Downy Mildew found in SC

From Clemson Plant Pathologist Dr. Tony Keinath:

The first SC report of cucurbit downy mildew this year came on June 6 from a crop consultant, who found it on cucumbers in Bamberg County. Growers should spray all cucumber and cantaloupe crops to prevent or manage downy mildew. The cheapest downy mildew fungicide is Ranman. It can be tank-mixed with chlorothalonil, mancozeb, or tebuconazole to add protection against fungal leaf spots, like gummy stem blight and anthracnose, that will start to spread with the rain. Another option is Orondis Opti, a pre-mix of Orondis and Bravo (chlorothalonil). Watermelon growers should be spraying with protectants, as downy mildew has been spotted on watermelon in south Georgia.

Downy mildew lesions on cucumber leaf. Note how they are delineated by the veins in the leaf. Photo from Dr. Tony Keinath.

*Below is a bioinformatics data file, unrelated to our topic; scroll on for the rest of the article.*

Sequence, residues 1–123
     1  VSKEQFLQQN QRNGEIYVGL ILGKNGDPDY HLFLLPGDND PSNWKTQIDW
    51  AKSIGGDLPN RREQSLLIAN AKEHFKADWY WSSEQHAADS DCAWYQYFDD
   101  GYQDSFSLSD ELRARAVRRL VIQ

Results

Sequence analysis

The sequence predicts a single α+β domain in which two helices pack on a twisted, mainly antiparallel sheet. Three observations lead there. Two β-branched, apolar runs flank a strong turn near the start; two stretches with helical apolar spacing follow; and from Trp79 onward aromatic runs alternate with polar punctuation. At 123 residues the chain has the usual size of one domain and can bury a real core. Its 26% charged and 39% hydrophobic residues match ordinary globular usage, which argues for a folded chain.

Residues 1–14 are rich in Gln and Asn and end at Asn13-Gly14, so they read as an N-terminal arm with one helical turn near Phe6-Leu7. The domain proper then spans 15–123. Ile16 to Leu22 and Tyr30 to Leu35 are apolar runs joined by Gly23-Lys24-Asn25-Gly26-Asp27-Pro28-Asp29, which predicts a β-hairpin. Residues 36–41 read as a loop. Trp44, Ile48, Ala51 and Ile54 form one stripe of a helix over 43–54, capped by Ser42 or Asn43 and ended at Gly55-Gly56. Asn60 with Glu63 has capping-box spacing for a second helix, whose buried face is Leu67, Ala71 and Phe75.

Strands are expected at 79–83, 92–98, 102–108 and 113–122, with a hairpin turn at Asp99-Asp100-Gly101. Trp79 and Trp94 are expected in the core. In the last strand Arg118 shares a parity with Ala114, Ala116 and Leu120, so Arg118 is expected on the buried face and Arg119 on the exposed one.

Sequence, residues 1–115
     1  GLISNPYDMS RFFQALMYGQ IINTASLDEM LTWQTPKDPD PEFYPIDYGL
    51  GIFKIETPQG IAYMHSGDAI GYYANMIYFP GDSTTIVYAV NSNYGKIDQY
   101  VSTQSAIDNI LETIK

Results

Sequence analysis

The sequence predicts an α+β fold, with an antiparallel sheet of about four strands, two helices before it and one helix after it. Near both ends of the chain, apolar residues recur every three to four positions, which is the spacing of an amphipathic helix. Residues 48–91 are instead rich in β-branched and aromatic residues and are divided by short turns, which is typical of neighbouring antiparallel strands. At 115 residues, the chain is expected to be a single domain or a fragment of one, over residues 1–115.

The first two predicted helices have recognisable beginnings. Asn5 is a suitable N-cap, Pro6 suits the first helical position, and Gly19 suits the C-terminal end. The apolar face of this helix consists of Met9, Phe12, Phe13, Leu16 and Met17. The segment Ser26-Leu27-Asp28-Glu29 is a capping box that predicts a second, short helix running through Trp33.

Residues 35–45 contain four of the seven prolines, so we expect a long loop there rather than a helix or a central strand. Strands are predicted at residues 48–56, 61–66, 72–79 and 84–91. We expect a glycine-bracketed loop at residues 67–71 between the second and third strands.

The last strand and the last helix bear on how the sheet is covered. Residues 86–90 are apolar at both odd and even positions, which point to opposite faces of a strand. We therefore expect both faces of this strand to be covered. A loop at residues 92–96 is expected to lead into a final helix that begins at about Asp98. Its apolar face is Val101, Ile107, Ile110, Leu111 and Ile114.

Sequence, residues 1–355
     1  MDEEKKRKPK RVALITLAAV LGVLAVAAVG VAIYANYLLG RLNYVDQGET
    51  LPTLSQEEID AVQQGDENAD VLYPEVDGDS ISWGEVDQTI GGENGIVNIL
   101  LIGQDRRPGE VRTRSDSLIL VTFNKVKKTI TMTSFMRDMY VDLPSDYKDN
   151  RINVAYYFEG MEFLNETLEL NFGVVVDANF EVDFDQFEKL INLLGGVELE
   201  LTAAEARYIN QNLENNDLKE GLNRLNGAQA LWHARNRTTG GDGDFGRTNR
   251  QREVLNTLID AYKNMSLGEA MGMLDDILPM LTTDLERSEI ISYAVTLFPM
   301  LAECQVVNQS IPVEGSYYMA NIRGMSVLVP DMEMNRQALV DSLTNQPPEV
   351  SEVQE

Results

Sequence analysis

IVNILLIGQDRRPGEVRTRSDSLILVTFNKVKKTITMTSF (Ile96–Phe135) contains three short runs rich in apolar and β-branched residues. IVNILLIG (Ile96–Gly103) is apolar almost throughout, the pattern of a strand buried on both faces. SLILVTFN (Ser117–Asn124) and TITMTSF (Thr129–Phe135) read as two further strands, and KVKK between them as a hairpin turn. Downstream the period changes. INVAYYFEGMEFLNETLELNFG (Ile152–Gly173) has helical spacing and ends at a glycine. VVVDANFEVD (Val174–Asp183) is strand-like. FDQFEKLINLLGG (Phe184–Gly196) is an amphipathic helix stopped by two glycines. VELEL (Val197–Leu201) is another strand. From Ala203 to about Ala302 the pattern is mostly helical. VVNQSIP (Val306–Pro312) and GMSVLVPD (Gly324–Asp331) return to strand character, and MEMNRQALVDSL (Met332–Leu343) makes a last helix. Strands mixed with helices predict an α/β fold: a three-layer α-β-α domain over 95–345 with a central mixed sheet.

For more info on downy mildew management in cucurbit crops, refer to this fact sheet.

Testing What Controls Downy Mildew in Cucumbers – and What Doesn’t

From Clemson Plant Pathologist, Dr. Tony Keinath.

Small growers can manage downy mildew on slicing cucumber and increase yields by growing a partially resistant cultivar, like Bristol, and spraying weekly with moderate-cost fungicides, like chlorothalonil rotated with Ranman. Trellising doesn’t help manage downy mildew. Read Dr. Keinath’s full article about testing cultural and chemical controls for downy mildew here.

The cucumbers ‘Speedway’ (front) and ‘Bristol’ (back) in non-trellised plots with foliage yellowing due to downy mildew on June 23, 2017. Photo by Anthony P. Keinath